Since outgoing mail needs to be taken to the post office, it is no more work to hand in the cheques at the same time.
I find it a bit puzzling that cheques still make a journey round the country, being delivered to the bank that issued them (not an individuals branch though).
Cheques also have a major security flaw, the information printed on them is enough to setup a direct debit to take money out of somebodies account. It would have been easy to change to a system where the cheques (vouchers) did not have this information on them.
For charities the Paypal charity rate is a good option for taking online payments (all charities get the same rate as businesses with massive throughputs)
I am still very happy to receive cheques although I have not received one for ages. Then today I was sorting out some old correspondence and there in the middle of it was a cheque. Not a major one but a part of a ppi claim. So it is from a Bank and they seem very happy to send me a cheque.
It may be a generation thing. I am 63 years old and in my lifetime I must have written out many thousands of cheques both when I was an Accountant in Industry and for my own purposes. We even had a programme that computer wrote cheques and computer signed them if they were less than a particular value.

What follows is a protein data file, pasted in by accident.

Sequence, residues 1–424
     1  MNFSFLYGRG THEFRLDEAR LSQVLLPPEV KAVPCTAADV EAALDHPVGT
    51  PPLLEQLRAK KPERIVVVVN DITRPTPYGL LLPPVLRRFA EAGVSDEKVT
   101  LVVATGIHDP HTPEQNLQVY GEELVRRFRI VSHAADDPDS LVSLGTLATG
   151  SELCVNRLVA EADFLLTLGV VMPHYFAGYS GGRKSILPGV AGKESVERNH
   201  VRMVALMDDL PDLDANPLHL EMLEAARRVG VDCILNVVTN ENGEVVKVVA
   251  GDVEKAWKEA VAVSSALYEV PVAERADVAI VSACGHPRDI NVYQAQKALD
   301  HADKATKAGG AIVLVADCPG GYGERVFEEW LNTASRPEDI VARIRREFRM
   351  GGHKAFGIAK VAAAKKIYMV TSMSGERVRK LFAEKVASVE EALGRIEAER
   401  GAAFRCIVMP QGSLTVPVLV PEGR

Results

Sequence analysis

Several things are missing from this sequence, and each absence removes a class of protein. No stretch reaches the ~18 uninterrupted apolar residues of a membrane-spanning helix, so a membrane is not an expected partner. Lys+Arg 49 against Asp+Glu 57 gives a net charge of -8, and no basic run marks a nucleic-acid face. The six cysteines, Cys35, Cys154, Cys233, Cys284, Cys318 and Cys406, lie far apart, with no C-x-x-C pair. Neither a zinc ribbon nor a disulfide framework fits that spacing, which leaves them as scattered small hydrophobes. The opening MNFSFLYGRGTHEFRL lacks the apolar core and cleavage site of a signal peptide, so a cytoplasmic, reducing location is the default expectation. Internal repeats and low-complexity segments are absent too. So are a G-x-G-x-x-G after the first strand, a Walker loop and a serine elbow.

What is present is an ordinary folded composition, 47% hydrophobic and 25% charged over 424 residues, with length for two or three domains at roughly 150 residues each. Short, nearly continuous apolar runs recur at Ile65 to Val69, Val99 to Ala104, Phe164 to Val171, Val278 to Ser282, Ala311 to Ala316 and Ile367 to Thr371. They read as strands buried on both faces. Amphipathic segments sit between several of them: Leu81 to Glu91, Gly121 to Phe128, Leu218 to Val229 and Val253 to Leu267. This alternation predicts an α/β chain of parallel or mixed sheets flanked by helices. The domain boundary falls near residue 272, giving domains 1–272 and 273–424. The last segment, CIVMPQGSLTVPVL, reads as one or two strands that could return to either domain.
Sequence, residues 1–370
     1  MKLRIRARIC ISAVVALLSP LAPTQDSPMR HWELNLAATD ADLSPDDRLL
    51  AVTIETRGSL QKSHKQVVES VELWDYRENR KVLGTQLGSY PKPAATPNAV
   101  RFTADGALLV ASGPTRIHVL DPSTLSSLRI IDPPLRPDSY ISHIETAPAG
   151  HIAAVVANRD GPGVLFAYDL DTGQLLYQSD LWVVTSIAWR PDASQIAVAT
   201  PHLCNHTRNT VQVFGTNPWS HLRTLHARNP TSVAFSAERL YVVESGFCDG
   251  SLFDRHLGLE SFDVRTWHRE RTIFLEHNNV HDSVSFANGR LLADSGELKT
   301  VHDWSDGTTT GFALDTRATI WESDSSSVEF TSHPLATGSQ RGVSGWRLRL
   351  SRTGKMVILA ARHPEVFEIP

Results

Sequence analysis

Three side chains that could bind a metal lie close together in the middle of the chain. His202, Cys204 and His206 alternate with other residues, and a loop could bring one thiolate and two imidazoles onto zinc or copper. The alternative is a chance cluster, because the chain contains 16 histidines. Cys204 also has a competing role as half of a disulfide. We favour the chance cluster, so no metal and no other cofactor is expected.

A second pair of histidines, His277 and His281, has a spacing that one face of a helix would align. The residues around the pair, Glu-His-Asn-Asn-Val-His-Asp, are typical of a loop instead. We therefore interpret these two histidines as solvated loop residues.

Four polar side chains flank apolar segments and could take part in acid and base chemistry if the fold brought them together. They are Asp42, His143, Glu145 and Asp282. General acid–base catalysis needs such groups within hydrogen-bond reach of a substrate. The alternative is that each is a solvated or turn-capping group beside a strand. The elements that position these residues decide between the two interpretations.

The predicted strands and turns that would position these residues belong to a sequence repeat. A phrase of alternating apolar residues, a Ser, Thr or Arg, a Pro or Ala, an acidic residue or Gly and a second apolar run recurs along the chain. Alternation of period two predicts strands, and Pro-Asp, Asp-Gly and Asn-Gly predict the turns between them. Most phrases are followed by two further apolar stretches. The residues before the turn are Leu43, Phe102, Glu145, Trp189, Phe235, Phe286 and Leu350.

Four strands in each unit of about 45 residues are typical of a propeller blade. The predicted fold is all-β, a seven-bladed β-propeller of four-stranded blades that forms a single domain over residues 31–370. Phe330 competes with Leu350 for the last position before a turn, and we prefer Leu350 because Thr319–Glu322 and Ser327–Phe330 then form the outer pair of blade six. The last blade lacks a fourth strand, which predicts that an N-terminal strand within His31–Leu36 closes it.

It is not that long ago, certainly in my lifetime, when there were few options except a Cheque to pay ones bills(you could always use cash but me in Cornwall paying a supplier in say Manchester the only option was a cheque).
Mind you I have in the cupboard several cheque books. My Bank had a policy only a few years ago of scattering cheque books like confetti. I have several including a couple in an old obsolete name for the Bank. Certainly I expect to have enough to last me out.
totally agree on the security, i remember a good while back – 5 years at least. jeremy clarkson put in his sun newspaper column his sort code and account number and was adamant that it couldnt be used.
someone signed him up to a save the “animal” charity and they took payment.
the next week in the column he said he was wrong and urged people to not do the same.
Faster payments (and BACS) has a similar security issue (although the other way round) as you need the same details to send money to somebody as you do to setup a direct debit from their account.
Faster payments / BACS has very minimal error correction. The only data used to route the money is the sort code and account number. No attempt is made to ensure that the name matches so it is easy to send money to the wrong person.
I can understand some negative views re payments by cheque
in this current world of technology. However we all in the UK
should appreciate the varied methods of choices to make our
payments. The Payments Council agreed that cheques are here to
stay, we have accredited regulated payment suppliers who professionally supply paper and electronic payment products, we
can now enhance the cheque via image technology to create a
quick deposit clearance to include regulated security features.